Likewise, Nora needs my attention, too. I sometimes feel guilty that I’m not able to spend the same quiet hours with her that I spent with Sam. But when Nick is able to get Sam out of the house for a bit, I totally soak up the snuggles. And, although, I do love when their naps overlap, I also love when I get to lay on the floor beside Nora or let her bounce on my belly or fly her around like an airplane while big brother sleeps upstairs.


Finally, give yourself a break. Both literally and figuratively. Me time is rare, but I savor it when I can. Whether it’s yoga on my bedroom floor, a few pages from my favorite (and very neglected) magazines, a run around the neighborhood at sunset, 20 minutes spent wandering the aisles of Target, or a cup of coffee before the kids wake up. I’m able to be a much better mother when I have a few moments to myself each day.

Honestly, for me, the transition from zero to one was more challenging than the transition from one to two. By now I have accepted the sleepless nights, the endless amounts of laundry and dirty dishes, and the fact that my pants won’t fit for awhile.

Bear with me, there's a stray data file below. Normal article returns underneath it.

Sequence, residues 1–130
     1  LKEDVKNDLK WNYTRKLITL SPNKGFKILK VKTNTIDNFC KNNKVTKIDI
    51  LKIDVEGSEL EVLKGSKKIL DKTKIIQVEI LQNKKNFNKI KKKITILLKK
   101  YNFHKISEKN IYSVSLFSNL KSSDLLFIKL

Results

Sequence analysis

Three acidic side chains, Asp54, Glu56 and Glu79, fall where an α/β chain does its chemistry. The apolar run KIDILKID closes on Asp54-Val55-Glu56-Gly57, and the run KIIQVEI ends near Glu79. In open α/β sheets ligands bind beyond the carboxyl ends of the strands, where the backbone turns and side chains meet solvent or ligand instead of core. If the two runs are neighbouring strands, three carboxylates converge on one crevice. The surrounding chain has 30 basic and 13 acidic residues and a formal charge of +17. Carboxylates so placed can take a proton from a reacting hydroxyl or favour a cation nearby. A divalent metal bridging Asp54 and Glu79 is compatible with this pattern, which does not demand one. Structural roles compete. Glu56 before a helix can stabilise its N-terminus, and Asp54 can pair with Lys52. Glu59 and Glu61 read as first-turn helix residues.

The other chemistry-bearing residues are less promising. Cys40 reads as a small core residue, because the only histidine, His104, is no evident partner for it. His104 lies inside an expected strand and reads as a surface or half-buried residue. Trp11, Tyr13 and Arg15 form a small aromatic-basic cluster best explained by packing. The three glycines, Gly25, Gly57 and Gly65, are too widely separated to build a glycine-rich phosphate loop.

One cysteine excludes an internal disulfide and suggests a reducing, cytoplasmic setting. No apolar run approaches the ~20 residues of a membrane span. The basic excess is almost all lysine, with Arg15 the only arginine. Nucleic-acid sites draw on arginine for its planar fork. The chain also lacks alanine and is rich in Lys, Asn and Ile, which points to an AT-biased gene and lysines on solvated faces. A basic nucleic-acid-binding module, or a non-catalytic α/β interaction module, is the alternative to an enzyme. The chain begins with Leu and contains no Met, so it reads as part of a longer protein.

Just remember that babies aren’t babies forever. And our toddlers will be off to preschool before we know it. So let messes linger longer than usual, spend an entire afternoon watching movies, have ice cream sundaes for dinner, and always always sneak into both bedrooms for extra kisses goodnight.


2 thoughts on “Transitioning to Two

  1. This was so incredibly sweet. I hope to have two someday and this was an encouraging read. Congratulations on your beautiful family! Also, where was the tip on how to find time to write such wonderful things with two kids?!

  2. All very good advice! I am a mom of three and we are starting to get to the easy stage! I told my husband this is probably the good years and we just don’t realize it (agh teen years ahead)! I have a 10, 6 (almost 7), and 4 year old! Everyone is potty trained, feeding themselves, and can bathe themselves! We have arrived!!! B

Leave a Reply

Your email address will not be published. Required fields are marked *